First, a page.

This week marks the 240th anniversary of one of the most revered political speeches in U.S. history.
Patrick Henry, widely recognized as a symbol of America's struggle for liberty and self-government, was a Virginia-born lawyer, patriot, and skilled orator who was unreservedly passionate about American freedom.
The outspoken Henry delivered his fiery “Liberty or Death” speech on March 23, 1775, famously concluding with a challenge: "I know not what course others may take; but as for me, give me liberty or give me death!"
Henry’s unforgettable words would not only become his legacy, but would also go on to be forever associated with America’s War of Independence against Great Britain.
Less than a month after Henry’s powerful speech was given, the Revolutionary War officially began. Not surprisingly, Henry took an active role in the militia, rising to the rank of Colonel of the First Virginia Regiment and Commander-in-Chief of the Virginia Militia before stepping down to serve as the first governor of Virginia in 1776. He would serve five terms total, as both the first and the sixth governor. He had previously served as a member of the House of Burgesses and followed by a stint as a delegate to the first Continental Congress, bringing his length of public service to nearly 30 years.
Henry died in 1799, but countless people and places have borne his moniker — including several U.S. naval vessels.
A Country Divided
CSS Patrick Henry, which began life as the former side-wheel passenger and freight steamer Yorktown that ran between Virginia and New York, was seized by the state of Virginia for the Confederacy following its secession from the Union on April 17, 1861, according to the Naval History and Heritage Command. Under Commander J. R. Tucker, CSN, who commanded the newly organized James River Squadron, the Yorktown was converted into a lightly protected ship-of-war and renamed Patrick Henry — also commonly known as Patrick.
Patrick came under fire many times during the Civil War, and the Battle of Hampton Roads proved especially damaging to the vessel. According to the NHHC, on March 8, 1862, Patrick had run aground and was flying a white flag, but was fired upon by Federal ships and shore batteries. A shot pierced her steam chest and killed four of her crew.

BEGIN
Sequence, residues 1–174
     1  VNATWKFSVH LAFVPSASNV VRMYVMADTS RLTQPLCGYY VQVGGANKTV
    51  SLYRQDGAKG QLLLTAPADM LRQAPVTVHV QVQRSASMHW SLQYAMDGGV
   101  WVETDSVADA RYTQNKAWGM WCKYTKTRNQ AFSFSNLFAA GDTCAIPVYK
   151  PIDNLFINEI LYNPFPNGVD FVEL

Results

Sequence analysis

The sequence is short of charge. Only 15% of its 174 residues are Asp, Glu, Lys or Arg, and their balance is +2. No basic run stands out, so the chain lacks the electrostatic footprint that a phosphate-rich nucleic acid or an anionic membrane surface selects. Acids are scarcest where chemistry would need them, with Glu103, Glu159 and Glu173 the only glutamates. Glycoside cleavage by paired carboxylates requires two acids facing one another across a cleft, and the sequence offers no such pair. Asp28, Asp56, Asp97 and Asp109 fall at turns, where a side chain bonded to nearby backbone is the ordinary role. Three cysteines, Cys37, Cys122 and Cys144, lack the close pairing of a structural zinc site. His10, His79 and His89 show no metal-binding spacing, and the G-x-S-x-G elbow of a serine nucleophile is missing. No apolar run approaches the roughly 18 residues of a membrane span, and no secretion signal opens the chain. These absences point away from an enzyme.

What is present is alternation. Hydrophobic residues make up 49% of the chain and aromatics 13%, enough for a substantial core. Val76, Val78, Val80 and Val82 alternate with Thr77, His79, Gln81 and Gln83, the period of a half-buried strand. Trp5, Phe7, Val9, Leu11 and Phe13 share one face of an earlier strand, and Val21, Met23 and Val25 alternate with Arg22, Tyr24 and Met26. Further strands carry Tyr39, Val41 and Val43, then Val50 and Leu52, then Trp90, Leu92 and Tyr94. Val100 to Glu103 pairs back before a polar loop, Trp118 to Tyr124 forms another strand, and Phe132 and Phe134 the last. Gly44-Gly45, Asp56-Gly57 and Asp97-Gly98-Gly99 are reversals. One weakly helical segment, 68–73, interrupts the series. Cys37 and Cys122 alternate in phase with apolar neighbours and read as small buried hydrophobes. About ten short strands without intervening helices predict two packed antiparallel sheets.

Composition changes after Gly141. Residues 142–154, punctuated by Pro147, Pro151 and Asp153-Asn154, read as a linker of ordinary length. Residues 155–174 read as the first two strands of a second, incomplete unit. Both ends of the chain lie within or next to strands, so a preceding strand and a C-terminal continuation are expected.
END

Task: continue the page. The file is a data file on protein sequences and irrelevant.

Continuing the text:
The ship was removed to a safe area, repaired, and back in the middle of the action the following day, during the famous first-ever battle between two ironclads — USS Monitor and CSS Virginia. Patrick took part in the historic battle, firing long range at Monitor while she was maneuvering against Virginia.
In May 1862, Patrick was designated as academy ship received the appropriate alterations, serving as the Confederate States Naval Academy from October 1863 until the April 3, 1865 evacuation of Richmond, when she was deliberately destroyed with fire by the Confederates.
Liberty — in the Form of a Ship
“Liberty” ships carried “lend-lease” supplies and war armament to allied countries before and after the war, and what name but Patrick Henry could be more fitting for the first-of-its-kind?
President Franklin D. Roosevelt was on hand to launch the SS Patrick Henry from Baltimore, Maryland on Sept. 27, 1941. Liberty ships were considered among the least attractive vessels, and FDR himself dubbed them “ugly ducklings,” according to NHHC.
Alongside Patrick Henry, numerous other ships were launched that day, known as "Liberty Fleet Day." NHHC said that more than 2,710 ships were built using a simple design at the cost of about $2 million dollars per vessel.
SS Patrick Henry survived World War II but was scrapped in 1960.
Patrick Henry Gets Stealthy
On September 22, 1959, the George Washington class nuclear-powered fleet ballistic missile submarine USS Patrick Henry (SSBN-599), was launched. An April 9, 1960 commissioning followed.
Less than a year after commissioning, the submarine set a record for her type. Upon surfacing at Holy Loch, Scotland, March 8, 1961, Patrick Henry had been cruising submerged for a staggering 66 days and 22 hours, according to NHHC.
Operating from Holy Loch, the submarine conducted 17 deterrent patrols while remaining continuously deployed overseas between December 1960 and December 1964. That month, the submarine returned to the place whence she came — the Electric Boat Division of General Dynamics in Groton, Connecticut — and spent 18 months at being repaired and completely overhauled to accommodate Polaris A-3 missiles.
Patrick Henry completed her 22nd patrol at Holy Loch on March 1, 1968, and remained part of the Atlantic Fleet until 1970. The submarine would eventually become part of the Pacific Fleet before being decommissioned in 1984.
Though there are currently no vessels named for this early American hero, Patrick Henry’s legacy lives on. Each day, the U.S. Navy proudly carries on the tradition that Henry called for so many years ago — protecting the freedom of U.S. citizens.
For More Information
Library of Congress
Naval History and Heritage Command